View Mark Shymanski's profile

Mark Shymanski

5623 posts in 4192 days

#5 posted 08-27-2013 02:13 AM

Amazing work. It seems to go pretty quickly for you also, its great to see so much progress.

-- "Checking for square? What madness is this! The cabinet is square because I will it to be so!" Jeremy Greiner LJ Topic#20953 2011 Feb 2

View Roger's profile


21010 posts in 3284 days

#6 posted 08-27-2013 04:58 AM

WowZa, Paul. Just totally amazing

-- Roger from KY. Work/Play/Travel Safe. Keep your dust collector fed. [email protected]

View stefang's profile


16717 posts in 3814 days

#7 posted 08-27-2013 07:19 AM

It seems that you are mastering painting (dyeing) both at the same time Paul. Your rendering looks a lot better than the original photo. Very impressive work. I especially liked the way you did the trees with the different colors to get the sun and shading effects. That worked out extremely well. Thanks for this wonderful tutorial, I’ve learned at a lot from it so far, at least the theory part.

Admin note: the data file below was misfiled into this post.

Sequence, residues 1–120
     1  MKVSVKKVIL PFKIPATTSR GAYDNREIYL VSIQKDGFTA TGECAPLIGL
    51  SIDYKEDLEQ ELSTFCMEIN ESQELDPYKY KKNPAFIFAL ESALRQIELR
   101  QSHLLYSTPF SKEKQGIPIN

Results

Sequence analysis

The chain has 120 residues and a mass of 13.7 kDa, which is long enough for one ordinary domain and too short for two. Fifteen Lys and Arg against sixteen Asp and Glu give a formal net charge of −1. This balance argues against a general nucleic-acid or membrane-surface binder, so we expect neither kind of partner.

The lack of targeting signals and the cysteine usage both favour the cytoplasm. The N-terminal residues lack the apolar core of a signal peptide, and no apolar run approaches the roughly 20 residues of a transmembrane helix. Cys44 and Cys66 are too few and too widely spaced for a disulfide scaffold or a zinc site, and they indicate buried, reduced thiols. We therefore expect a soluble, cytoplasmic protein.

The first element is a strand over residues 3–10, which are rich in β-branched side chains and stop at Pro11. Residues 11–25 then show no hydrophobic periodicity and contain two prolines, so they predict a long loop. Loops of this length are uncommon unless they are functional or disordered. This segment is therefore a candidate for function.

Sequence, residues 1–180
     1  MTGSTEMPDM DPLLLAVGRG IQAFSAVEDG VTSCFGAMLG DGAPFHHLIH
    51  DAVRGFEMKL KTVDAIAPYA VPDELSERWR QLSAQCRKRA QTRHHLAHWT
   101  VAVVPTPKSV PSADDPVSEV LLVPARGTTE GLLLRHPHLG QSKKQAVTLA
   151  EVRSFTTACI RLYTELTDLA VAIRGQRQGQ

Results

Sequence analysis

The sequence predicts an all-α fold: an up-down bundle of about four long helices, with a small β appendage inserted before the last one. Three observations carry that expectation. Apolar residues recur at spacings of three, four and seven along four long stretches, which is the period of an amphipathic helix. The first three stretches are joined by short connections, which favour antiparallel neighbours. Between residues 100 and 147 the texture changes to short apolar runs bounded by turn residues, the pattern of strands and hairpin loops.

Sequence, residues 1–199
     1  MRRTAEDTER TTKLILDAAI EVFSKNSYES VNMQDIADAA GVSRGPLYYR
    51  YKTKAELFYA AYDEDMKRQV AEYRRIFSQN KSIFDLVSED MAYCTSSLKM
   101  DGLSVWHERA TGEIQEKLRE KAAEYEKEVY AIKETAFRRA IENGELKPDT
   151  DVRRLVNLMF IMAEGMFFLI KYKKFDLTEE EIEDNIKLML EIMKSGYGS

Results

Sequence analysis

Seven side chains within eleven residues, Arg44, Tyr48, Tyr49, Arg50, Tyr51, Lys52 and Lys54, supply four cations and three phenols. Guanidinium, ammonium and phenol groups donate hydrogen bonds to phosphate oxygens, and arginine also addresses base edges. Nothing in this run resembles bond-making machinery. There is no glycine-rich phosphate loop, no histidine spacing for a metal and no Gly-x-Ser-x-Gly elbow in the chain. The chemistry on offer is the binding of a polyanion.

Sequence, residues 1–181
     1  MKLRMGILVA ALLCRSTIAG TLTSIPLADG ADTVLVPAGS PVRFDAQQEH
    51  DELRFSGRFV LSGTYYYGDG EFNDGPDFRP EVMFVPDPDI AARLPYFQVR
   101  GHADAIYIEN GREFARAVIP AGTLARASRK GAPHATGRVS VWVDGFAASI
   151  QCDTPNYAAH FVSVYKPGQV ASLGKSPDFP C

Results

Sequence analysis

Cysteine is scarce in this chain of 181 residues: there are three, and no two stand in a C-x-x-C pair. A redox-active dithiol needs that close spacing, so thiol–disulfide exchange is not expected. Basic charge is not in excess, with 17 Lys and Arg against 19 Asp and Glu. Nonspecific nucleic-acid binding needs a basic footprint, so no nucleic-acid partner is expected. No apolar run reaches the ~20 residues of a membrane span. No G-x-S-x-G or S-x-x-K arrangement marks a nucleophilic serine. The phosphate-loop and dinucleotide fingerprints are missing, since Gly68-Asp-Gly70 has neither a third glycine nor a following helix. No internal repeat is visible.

-- Mike, an American living in Norway.

View kiefer's profile


5671 posts in 3147 days

#8 posted 08-27-2013 05:23 PM

Impressive and so fast getting to this point ,
I can’t believe it .
I like it a lot and now I am anxious to see the finished picture .
It’s going to be a master piece .

-- Kiefer

View shipwright's profile


8357 posts in 3278 days

#9 posted 08-27-2013 05:34 PM

In all fairness I had this almost finished before I started the blog. The cutting took about six and a half hours. The dyeing about twice that and assorted work-arounds, packet making and the like another half dozen. At the point you see here it’s about twenty five hours, not counting office time on research, sketching and Inkscape.

I really didn’t want to be two segments into a blog and have a catastrophic failure. Much of this was new territory, very different than the earlier pieces where there were only a few much larger pieces.

-- Paul M ..............the early bird may get the worm but it’s the second mouse that gets the cheese!

View Mauricio's profile


7163 posts in 3631 days

#10 posted 09-07-2013 09:32 PM

wow, really nice!

-- Mauricio - Woodstock, GA - "Confusion is the Womb of Learning, with utter conviction being it's Tomb" Prof. T.O. Nitsch